Picture this: you’re a kid who was born physically different from your peers. You have friends, but still feel unable to fit in entirely. As a kid, you like toys, but you also don’t see any toys that you can identify with; as there are seemingly none out there that are “different” in the way that you are. How would that make you feel?
Since early last year, a campaign called #ToyLikeMe has been making its rounds on social media. The aim of this is to call on the children’s television & toy industries to up their inclusion of characters with disabilities, and better represent the millions of disabled kids worldwide. In doing so, the kids who enjoy these toys can better identify with the characters they love, and feel like they’re actually part of the world, as opposed to an ignored subset.
Now, it seems that LEGO, the world’s #1 building block toy (and possibly the #1 toy brand), has sat up & taken notice of this. According to Bestmotorizedwheelchair.com, during the London Toy Fair, it was revealed that a set of 60134 Fun in the Park would have a wheelchair element added to it. Then, at the Nuremberg Toy Fair in Germany, the photo you see above was released; which shows a male character in a wheelchair, who also appears to have a service dog with him.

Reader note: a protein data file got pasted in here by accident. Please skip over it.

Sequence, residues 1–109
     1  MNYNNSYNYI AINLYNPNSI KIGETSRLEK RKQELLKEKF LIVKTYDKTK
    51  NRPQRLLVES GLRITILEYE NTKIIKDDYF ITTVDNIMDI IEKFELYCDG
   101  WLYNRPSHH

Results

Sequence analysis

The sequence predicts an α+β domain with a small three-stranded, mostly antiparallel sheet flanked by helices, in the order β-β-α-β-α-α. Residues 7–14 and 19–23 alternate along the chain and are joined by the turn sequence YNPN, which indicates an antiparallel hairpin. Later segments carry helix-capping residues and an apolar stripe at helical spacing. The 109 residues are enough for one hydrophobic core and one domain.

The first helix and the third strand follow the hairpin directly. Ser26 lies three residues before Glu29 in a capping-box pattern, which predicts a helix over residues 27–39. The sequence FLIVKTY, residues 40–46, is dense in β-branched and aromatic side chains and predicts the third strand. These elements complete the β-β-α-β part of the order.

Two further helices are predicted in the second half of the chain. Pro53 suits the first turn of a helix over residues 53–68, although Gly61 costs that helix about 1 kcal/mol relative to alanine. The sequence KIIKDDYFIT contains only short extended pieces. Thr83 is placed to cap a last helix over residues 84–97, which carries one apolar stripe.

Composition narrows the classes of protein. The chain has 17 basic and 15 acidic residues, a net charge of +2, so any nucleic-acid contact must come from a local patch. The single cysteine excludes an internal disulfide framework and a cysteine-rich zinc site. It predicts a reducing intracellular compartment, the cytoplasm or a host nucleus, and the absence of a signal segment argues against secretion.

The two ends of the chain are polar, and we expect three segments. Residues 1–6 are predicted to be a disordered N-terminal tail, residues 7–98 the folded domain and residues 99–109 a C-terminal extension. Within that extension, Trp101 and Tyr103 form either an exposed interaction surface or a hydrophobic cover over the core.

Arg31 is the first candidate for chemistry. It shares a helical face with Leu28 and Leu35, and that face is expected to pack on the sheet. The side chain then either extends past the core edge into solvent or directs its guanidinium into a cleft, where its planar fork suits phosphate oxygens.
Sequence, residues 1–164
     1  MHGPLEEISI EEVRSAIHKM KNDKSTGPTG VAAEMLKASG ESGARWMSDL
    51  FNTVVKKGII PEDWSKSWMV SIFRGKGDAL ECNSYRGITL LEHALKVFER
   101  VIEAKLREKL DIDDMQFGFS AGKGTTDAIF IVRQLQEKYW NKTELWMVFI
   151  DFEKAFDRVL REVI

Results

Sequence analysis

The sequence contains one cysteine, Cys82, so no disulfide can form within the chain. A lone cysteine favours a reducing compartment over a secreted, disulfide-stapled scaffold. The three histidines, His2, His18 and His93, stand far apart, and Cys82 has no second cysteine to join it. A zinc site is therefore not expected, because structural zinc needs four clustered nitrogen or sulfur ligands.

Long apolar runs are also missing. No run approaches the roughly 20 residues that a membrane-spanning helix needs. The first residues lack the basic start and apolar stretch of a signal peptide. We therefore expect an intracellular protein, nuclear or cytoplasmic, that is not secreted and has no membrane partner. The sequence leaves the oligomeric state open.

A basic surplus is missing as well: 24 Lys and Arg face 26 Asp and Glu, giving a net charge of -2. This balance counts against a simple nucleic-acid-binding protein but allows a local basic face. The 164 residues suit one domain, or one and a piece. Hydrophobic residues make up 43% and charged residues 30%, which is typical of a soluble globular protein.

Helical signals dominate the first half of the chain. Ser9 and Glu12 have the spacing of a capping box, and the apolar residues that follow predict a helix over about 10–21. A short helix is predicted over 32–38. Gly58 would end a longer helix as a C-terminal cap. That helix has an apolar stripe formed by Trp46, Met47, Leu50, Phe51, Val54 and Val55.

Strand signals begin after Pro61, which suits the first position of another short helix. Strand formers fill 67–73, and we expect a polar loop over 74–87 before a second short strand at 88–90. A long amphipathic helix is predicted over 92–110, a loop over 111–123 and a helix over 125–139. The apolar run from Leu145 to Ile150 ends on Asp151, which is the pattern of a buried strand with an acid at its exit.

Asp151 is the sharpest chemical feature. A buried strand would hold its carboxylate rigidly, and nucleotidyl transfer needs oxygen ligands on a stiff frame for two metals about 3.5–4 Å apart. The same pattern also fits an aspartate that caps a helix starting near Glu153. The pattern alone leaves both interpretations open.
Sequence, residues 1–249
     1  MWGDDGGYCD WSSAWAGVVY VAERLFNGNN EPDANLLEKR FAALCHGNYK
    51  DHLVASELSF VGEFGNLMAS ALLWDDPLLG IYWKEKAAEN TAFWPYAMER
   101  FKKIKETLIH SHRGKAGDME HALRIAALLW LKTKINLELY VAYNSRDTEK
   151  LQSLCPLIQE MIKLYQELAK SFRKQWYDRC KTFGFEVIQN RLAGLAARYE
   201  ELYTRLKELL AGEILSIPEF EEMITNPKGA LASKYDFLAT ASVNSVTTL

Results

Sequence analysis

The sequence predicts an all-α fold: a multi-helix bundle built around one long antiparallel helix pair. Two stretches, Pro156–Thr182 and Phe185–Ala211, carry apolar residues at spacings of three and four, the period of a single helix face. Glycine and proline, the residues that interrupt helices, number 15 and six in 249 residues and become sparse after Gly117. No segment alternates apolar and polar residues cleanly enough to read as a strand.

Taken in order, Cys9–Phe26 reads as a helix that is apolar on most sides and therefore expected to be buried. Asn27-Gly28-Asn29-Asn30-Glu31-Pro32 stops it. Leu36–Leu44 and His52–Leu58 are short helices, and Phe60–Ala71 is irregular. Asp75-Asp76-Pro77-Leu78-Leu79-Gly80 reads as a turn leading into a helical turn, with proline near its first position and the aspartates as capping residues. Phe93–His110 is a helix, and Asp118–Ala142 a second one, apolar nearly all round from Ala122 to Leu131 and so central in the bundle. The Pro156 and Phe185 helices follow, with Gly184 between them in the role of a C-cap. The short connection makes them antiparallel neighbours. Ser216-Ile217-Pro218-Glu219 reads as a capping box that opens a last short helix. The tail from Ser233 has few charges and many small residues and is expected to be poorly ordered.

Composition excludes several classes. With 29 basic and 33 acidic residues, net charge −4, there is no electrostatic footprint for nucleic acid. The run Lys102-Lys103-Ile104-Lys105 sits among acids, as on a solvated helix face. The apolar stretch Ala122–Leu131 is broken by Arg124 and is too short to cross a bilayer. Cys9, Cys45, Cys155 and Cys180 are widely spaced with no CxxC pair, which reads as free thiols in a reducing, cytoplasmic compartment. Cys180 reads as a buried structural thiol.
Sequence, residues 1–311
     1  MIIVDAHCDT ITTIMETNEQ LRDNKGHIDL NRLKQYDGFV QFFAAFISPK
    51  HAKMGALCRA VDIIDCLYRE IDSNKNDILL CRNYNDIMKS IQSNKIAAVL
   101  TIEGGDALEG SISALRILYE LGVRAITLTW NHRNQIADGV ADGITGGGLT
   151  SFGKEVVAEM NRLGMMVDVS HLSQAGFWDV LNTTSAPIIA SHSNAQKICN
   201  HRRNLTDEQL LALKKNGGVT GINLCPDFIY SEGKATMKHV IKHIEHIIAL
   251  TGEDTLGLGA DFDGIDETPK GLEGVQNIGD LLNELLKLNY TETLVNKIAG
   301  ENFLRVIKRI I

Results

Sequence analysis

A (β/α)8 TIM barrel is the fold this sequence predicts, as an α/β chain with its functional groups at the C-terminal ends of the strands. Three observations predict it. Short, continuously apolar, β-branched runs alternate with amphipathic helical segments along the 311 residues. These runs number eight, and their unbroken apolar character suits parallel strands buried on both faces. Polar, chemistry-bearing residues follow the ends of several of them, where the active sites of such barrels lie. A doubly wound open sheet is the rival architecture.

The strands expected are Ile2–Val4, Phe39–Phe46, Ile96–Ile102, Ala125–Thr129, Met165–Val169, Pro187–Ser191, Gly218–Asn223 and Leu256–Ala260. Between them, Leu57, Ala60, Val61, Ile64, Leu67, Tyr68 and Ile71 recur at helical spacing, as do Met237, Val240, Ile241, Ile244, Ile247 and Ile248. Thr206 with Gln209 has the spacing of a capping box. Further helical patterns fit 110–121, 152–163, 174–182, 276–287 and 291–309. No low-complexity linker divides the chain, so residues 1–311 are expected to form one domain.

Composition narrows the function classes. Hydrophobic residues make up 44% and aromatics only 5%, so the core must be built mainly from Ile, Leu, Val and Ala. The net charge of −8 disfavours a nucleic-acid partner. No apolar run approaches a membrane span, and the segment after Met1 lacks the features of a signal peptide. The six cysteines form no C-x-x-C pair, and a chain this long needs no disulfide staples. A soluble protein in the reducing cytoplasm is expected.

Due to LEGO’s immense popularity, it could be said that providing a look at disability through toys will not only help kids with these disabilities feel more included, but also give able-bodied kids a notion that disability isn’t something to be shunned or made fun of. With the influence that LEGO has on its fans, a step like this is to be celebrated.
HOWEVER… A little research into LEGO’s IDEAS program (where fans can submit ideas for new LEGO sets) brought to light that someone submitted an idea for a LEGO set, in 2013, which was to include a character in a wheelchair, a disabled parking sign, and a ramp leading up to a set of double doors, which could be all built out of the supplied parts. This set never reached the required amount of supporters in order to be made into an actual LEGO product. That, LEGO, is a bit disappointing.
As a person with a disability (and a wheelchair-user), I still applaud the step that LEGO has taken, & the work of the #ToyLikeMe campaign. Let’s face it: kids can be cruel to one another, and I think that steps like this (however small), are a great step in teaching kids to accept one another for who they are, as opposed to what they look like, what they’re wearing, what ability levels they have, etc. I truly wish that toys like this had existed back when I was a kid, so many years ago. I’m definitely going to keep an eye on this, and will be purchasing any set I see with this kind of disability representation.